The world received more frightening reminders of the pandemic’s worsening danger Tuesday as Britain’s daily death toll reached a record, Germany looked set to tighten its partial lockdown and two Australian Open players tested positive.
With the global death toll now well past two million and new variants of COVID-19 causing deep concern, countries across the world grappled with how to slow infections until vaccines become widely available.
They also sought ways to speed up vaccine distribution, with the European Union saying it aims to inoculate 70 percent of its adult population before the end of August.
Most EU member states have struggled to get the ball rolling on vaccinations, with other countries from Russia to India also experiencing teething problems.
Recent days have also seen a renewed focus on the initial outbreak a year ago, and China defended its handling of the virus Tuesday after independent experts criticised the speed of its response.
Beijing has faced international accusations of a lack of transparency after the virus emerged in the central city of Wuhan in late 2019, as we;; for stifling whistleblowers who tried to raise the alarm.
The United States remains home to the world’s worst outbreak in overall numbers, and US President-elect Joe Biden made clear he would be taking no chances following his inauguration on Wednesday.
After outgoing President Donald Trump said Monday he would lift a ban on travellers arriving from much of Europe and Brazil, Biden’s spokeswoman quickly dismissed the plan, saying the change would not take effect on January 26 as slated.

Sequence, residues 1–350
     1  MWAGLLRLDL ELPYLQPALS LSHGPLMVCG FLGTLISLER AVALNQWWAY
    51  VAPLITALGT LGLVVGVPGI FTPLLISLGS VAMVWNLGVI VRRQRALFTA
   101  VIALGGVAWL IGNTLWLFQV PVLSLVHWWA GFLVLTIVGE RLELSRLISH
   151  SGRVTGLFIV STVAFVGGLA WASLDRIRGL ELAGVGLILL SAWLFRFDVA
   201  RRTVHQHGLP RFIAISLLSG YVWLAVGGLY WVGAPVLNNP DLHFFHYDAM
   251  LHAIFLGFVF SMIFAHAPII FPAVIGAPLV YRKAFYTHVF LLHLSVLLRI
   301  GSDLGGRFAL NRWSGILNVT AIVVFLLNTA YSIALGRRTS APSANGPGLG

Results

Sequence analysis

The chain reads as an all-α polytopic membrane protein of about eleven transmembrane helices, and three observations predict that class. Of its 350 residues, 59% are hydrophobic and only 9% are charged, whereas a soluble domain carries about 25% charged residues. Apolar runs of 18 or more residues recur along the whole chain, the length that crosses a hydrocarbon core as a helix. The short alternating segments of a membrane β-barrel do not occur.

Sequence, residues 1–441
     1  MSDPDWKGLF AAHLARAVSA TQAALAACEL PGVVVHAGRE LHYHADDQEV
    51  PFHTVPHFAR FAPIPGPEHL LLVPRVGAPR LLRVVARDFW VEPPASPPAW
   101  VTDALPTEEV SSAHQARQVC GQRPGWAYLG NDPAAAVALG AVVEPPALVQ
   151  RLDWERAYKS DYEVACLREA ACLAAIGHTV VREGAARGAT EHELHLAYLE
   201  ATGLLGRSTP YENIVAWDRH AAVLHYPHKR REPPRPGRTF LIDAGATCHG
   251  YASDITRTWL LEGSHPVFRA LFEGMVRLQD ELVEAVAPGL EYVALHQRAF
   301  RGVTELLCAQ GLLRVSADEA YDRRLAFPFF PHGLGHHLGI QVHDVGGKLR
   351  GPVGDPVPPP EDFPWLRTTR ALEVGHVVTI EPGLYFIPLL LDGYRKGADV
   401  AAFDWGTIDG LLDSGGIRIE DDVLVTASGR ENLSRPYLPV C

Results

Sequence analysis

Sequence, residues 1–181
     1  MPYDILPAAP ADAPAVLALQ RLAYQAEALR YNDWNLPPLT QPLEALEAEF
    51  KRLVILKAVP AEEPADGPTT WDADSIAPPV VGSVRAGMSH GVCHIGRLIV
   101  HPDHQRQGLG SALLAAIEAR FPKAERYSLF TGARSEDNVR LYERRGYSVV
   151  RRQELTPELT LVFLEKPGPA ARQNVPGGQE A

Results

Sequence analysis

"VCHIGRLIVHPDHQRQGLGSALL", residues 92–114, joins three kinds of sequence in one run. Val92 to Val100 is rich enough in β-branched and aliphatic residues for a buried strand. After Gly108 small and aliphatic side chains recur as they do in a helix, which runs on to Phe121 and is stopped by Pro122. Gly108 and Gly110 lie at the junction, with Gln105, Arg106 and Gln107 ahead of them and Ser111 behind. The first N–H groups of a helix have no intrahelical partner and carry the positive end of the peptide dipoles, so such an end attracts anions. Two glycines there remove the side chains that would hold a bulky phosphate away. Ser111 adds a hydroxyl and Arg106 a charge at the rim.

“With the pandemic worsening, and more contagious variants emerging around the world, this is not the time to be lifting restrictions on international travel,” tweeted Jen Psaki, Biden’s press secretary.
Precautions were also being taken in Taiwan, which called off its largest Lunar New Year lantern festival for the first time as authorities rushed to stem a COVID cluster in one of the few places to survive the pandemic largely unscathed.
And in Africa, Rwanda’s capital Kigali was back under total lockdown after a surge in cases.
Britain has been coping with a new strain of the virus thought to be far more infectious, and on Tuesday it registered a record 1,610 deaths over 24 hours.
There was however a sign of hope as the number of new cases over the last week was down around 22 percent, with a stringent lockdown announced this month having an effect.
Britain is in the middle of a massive vaccination drive, and more than four million people have now received a jab.
The government hopes to vaccinate the entire adult population by autumn.
Fears over the new virus variants were growing in Germany, which on Tuesday was expected to extend and tighten a partial lockdown beyond January.
Elsewhere in Europe, Serbia became the first European country to use the Chinese-made Sinopharm jab as it launched a mass vaccination campaign, while Austrian authorities were looking into reports of alleged queue-jumping for vaccines, including by several mayors.
The pandemic continues to batter the world of sport, forcing postponements and the quarantining of players.
On Tuesday, health officials said two Australian Open tennis players had tested positive—a new blow for the tournament which is facing a backlash from a wary public.
The unnamed players were among three new cases, taking the tournament’s cluster to seven.
More than 1,000 players and staff are in quarantine after arriving last week in Australia, which is largely coronavirus-free.
Player complaints about quarantine have raised further hackles, and Australia’s Nick Kyrgios led criticism of world number one Novak Djokovic for requesting improved conditions.
“Djokovic is a tool,” tweeted Kyrgios, the world number 47.
Meanwhile, another example of the quack cures and false claims that have proliferated in connection with the virus could be seen in Sri Lanka.
A self-styled holy man’s supposed miracle potion to prevent COVID-19 turned sour after a minister who publicly drank it was hospitalised with the virus.
Source: Read Full Article